objections are--the labor required in setting or folding the cloth,
the expense of the press papers, and the time required. The fourth
objection, about which a dispute has occurred between the press-setters
and the master finishers in Leeds, refers to the inapplicability of the
common system to long lengths. The men object to these on account of
the great labor involved in shifting the heavy mass of cloth and press
plates to and from the presses. A minor drawback of this system is
that it involves the presence of a fold up the middle of the piece. On
account of these drawbacks it has long been understood to be desirable
to expedite the process, and also to dispense with the press papers.
This is the main purpose of the machine we now illustrate in section, in
which the pressing is done continuously by what may be termed a species
of ironing. The machine consists of a central hollow cylinder, C,
three-quarters of the circumference of which is covered by the hollow
boxes, M, heated by steam through the pipes shown, and which are
mounted upon the levers, BB', whose fulcra are at bb. By means of the
hand-wheel, T, and worm-wheel, n, which closes or opens the levers, BB',
the pressure of the boxes upon the central roller may be adjusted at
will, the spring-bolt, F, allowing a certain amount of yield. The faces
of the press-boxes, MM, are covered by a curved sheet of German silver
attached to the point, Y. This sheet takes the place of the press papers
in the ordinary process. The course of the cloth through the machine is
as follows, and is shown by the arrows: It is placed on the bottom board
in front, and in its travel it passes over the rails, O, after which it
is operated on by the brush, Z, leaving which it is conveyed over the
rails, V and I, the rollers, K and P, and thence between the pressing
roller, C, and the German silver press plate covering the heated boxes,
M. Leaving these the piece passes over the roller, P, and is cuttled
down in the bottom board by the cuttling motion, F, or a rolling-up
motion may be applied. The maker states that arrangements for brushing
and steaming may also be attached, so that in one passage through the
machine a piece may be pressed, brushed, and steamed. The speed of the
cylinder may be adjusted according to the quality or requirements of
the goods that are under treatment. At the time of our visit, says the
_Textile Manufacturer_, printed woolen pieces were being pressed at the
rate of about four yards a minute, but higher speeds are often obtained.
Messrs. Taylor, Wordsworth & Co., who have erected many of these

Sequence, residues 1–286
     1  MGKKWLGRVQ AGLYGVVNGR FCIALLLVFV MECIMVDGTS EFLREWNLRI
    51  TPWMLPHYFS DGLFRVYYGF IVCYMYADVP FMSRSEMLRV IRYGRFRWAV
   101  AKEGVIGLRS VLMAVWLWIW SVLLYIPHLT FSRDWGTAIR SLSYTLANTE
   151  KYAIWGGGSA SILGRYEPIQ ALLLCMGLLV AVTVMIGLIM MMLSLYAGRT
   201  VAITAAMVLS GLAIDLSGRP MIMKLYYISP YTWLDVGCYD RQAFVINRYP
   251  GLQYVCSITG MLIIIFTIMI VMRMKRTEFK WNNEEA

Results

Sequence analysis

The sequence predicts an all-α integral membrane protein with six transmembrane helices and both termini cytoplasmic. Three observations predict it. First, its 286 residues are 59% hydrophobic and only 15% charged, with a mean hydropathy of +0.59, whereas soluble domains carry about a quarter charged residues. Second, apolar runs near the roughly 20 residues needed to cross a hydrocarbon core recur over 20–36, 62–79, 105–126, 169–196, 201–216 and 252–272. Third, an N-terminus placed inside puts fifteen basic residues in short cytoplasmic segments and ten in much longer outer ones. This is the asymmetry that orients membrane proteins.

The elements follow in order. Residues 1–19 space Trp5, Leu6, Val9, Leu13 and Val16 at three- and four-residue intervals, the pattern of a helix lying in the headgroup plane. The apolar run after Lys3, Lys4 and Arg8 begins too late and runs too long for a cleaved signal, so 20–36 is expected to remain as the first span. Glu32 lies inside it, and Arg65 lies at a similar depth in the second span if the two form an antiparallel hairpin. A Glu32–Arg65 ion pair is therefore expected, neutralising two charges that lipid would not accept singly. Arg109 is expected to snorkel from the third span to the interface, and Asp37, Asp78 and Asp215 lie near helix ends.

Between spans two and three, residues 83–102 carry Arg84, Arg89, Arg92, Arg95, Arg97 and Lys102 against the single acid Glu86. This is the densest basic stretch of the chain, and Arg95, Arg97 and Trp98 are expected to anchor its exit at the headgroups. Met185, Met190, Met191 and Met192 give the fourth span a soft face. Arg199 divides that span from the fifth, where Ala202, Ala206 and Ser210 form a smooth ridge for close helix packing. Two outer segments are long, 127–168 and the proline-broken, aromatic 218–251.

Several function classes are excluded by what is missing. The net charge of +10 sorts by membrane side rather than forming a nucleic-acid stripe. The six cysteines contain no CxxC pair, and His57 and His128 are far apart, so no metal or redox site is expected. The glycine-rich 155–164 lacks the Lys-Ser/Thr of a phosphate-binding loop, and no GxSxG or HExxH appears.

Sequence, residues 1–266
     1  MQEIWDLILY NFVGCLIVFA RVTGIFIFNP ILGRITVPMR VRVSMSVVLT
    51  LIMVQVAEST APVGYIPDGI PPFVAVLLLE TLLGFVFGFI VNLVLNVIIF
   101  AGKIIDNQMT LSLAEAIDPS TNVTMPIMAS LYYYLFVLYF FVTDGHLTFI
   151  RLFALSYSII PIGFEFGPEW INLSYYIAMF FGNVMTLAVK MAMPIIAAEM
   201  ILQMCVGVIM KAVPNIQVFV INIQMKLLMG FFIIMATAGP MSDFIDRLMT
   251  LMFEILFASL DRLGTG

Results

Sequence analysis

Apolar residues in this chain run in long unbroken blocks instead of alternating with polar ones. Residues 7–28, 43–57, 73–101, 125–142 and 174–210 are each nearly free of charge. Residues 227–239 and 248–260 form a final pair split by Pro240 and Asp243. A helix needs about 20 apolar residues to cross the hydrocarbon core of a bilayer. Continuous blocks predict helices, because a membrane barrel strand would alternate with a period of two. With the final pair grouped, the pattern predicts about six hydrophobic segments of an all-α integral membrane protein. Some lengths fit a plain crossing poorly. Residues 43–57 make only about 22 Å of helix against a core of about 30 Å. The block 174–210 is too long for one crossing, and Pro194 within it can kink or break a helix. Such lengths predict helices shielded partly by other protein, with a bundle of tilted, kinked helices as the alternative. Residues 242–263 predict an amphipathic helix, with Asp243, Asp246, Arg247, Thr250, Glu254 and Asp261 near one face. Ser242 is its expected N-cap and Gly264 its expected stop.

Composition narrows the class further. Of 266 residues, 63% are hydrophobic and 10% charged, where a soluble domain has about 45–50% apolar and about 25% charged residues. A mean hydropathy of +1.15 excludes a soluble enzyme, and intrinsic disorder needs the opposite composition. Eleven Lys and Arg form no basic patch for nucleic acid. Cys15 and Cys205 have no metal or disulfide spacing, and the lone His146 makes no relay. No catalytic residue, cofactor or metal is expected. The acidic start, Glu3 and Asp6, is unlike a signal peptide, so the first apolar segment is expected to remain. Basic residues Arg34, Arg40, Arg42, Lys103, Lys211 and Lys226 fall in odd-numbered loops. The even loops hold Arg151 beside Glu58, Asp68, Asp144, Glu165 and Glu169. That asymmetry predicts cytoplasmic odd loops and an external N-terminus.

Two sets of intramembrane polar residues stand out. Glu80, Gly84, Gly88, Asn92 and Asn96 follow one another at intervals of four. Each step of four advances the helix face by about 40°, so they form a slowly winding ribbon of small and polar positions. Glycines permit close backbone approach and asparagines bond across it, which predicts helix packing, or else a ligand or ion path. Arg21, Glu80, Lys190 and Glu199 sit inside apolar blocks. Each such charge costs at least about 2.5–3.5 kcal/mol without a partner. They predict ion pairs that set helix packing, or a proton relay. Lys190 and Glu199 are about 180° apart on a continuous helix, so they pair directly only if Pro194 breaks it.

machines in Leeds, Bradford, and Batley, inform us that they find they
are adapted for the pressing of a wide variety of cloths, from Bradford
goods and thin serges to the heavy pieces of Dewsbury and Batley. The
inventor, Ernst Gessner, of Aue, Saxony, adopts an ingenious expedient
for pressing goods with thick lists. He provides an arrangement for
moving the cylinder endwise, according to the different widths of
the pieces to be treated. One list is left outside at the end of the
cylinder, and the other at the opposite end of the pressing boxes. The
machine we saw was 80 in. wide on the roller, and it was one the design
and construction of which undoubtedly do credit to Mr. Gessner.


       *       *       *       *       *


Mr. Bolette, who has made a name for himself in connection with strap
dividers, has experimented in another direction on the carding engine,
and as his ideas contain some points of novelty we herewith give the
necessary illustrations, so that our readers can judge for themselves as
to the merit of these inventions.

[Illustration: Fig. 1.]

Fig. 1 represents the feeding arrangement. Here the wool is delivered by
the feed rollers, A A, in the usual manner. The longer fibers are then
taken off by a comb, B, and brought forward to the stripper, E, which
transfers them to the roller, H, and thence to the cylinder. The shorter
fibers which are not seized by the comb fall down, but as they drop
they meet a blast of air created by a fan, which throws the lighter and
cleaner parts in a kind of spray upon the roller, L, whence they pass on
to the cylinder, while the dirt and other heavier parts fall downwards
into a box, and are by this means kept off the cylinder. It is evident
that in this arrangement it is not intended to keep the long and the
short fibers separate, but to utilize them all in the formation of